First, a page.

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Thursday, February 18, 2010

Canada not immune to downward pressure on housing prices

David Rosenberg
Published on Thursday, Feb. 18, 2010 12:00AM EST
Last updated on Thursday, Feb. 18, 2010 11:17AM EST

Canada not immune to downward pressure on housing prices
The landscape bears an eerie resemblance to the U.S. real estate market in 2005-06

The hot Canadian housing market is now likely to burn even brighter in coming months.

Expect a rush of sales activity as buyers look to get in ahead of new CMHC guidelines that kick in on April 19, just in time for the seasonal spring selling period.

Then we have the harmonized federal and provincial sales taxes in British Columbia and Ontario kicking in on July 1, adding more distortion.

And of course, the speculation is that the Bank of Canada will begin to raise interest rates some time in the third quarter.

So if there are any Canadian homeowner wannabes still sitting on the fence, look for them to hop in during the next few months - then expect a swan-dive in the second half of the year, right when the central bank is widely expected to start tightening.

While there may be a healthy debate as to whether there is a bubble or not in the Canadian housing market, suffice it to say that residential mortgage balances relative to disposable income just hit 92 per cent, which is exactly where this ratio was in the U.S. in 2005 when the mania was about to morph into a full-fledged bubble. It was barely a year later that the process of mean reversion began its course.

The Vanier Group just conducted a study showing that the price of an average home is now five times the size of average household after-tax income, which is 35-per-cent higher than the long-term norm. Remember - the word "norm" is not the guy sitting at the bar at Cheers but is short for "normal."

As prices inevitably normalize, it is hard to see the Bank of Canada tightening the policy screws as the primary asset on the consumer balance sheet deflates.

Meanwhile, that process of normalization is much further along south of the border - it seems prudent to not lose sight of the lessons being learned there.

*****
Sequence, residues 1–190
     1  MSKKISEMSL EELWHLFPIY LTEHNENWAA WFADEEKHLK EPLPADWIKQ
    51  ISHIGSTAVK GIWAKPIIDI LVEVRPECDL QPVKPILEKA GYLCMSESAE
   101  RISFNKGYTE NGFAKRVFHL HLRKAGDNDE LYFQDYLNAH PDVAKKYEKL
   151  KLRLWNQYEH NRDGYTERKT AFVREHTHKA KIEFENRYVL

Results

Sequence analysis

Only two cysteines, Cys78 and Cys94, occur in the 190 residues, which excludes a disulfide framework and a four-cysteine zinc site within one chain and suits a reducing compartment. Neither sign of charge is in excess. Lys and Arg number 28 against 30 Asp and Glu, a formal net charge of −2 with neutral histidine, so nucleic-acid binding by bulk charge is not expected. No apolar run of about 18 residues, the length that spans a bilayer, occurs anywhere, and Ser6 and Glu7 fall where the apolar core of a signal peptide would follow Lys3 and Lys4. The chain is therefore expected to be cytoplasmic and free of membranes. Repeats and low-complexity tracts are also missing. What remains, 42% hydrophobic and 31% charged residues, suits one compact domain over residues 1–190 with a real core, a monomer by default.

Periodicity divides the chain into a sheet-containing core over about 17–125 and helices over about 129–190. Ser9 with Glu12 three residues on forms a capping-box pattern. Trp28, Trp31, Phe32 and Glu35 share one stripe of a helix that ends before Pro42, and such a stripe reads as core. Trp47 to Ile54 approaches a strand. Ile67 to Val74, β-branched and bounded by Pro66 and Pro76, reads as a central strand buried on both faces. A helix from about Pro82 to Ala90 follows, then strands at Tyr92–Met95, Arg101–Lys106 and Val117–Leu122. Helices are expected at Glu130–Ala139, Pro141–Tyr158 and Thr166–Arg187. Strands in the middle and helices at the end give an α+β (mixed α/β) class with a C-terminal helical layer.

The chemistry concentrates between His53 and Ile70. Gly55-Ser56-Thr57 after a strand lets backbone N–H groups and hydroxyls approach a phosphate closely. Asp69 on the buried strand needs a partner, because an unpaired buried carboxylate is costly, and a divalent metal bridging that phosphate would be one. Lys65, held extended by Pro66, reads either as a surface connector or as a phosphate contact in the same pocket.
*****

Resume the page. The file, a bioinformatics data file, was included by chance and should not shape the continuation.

A mere 3 per cent of respondents to the most recent University of Michigan consumer sentiment survey see housing as a solid investment. This is well below the 24 per cent who thought so back during the bubble days when the homeownership rate hit record highs of nearly 70 per cent as the boomers increasingly viewed real estate as a retirement asset instead of what it really is - a place to live and raise your family.

The aspect of housing supply that no one understands yet is that everyone wishes they still lived in the house that they sold to buy the one they now own. This is especially the case for U.S. baby boomers.

They bought their oversized home during the bubble years because they believed that the price would always go up; there would always be liquidity and they really wouldn't need to pay off the loan out of earned income. The mortgage would be retired at the closing table and they would walk away with a big cheque.

That was why they bought a house that was much larger and more opulent than they really envisioned themselves living in during retirement. It was half dwelling and half investment.

At the margin, the boomer population may not be as attached to the status quo as some think - now it wants to rid itself of a depreciating asset, and even more critically, get rid of the debt and the maintenance expenses. This is why the selling pressure has been so intense in the homeownership market in the U.S., and don't think for a minute that Canada won't see a similar development as the demand boom here subsides as government support wanes in the intermediate term.

As we have already witnessed in the U.S., selling pressure in real estate is far worse than the selling pressure on consumer durables because this housing asset tends to have a voracious appetite - it is both highly leveraged and yet highly illiquid. Since sales are still so difficult to transact, U.S. lenders are entering into deals that keep families in their homes. This is a new reality.

If it's not loan modifications, then it's foreclosure short sales and deeds-in-lieu. Three years into the housing crisis, and we have only recently begun the process of principal reduction to fully reflect the plunge in home prices from their bubble highs. Those deals will have to reflect a big enough writedown and rate concession to keep people in houses they don't want.

As society tries to get small, the marginal transaction is driven by sellers who are liquidating debt. I am pretty sure that the bottom line is that all of the buyers are going to be operating against a backdrop of a much bigger supply of sellers than anyone is currently thinking about. That is why supply and demand will take many years, not quarters, to come into true balance.

In other words, the deflation cycle in U.S. residential real estate is far from over. And while Canadians feel fortunate to have escaped the awful experience of a bubble burst in housing, considering that the degree of leverage, homeownership rates and home price overvaluation is not altogether that far off what the U.S. landscape looked like back at the bubble peak in 2005-06, I wonder what the future holds?

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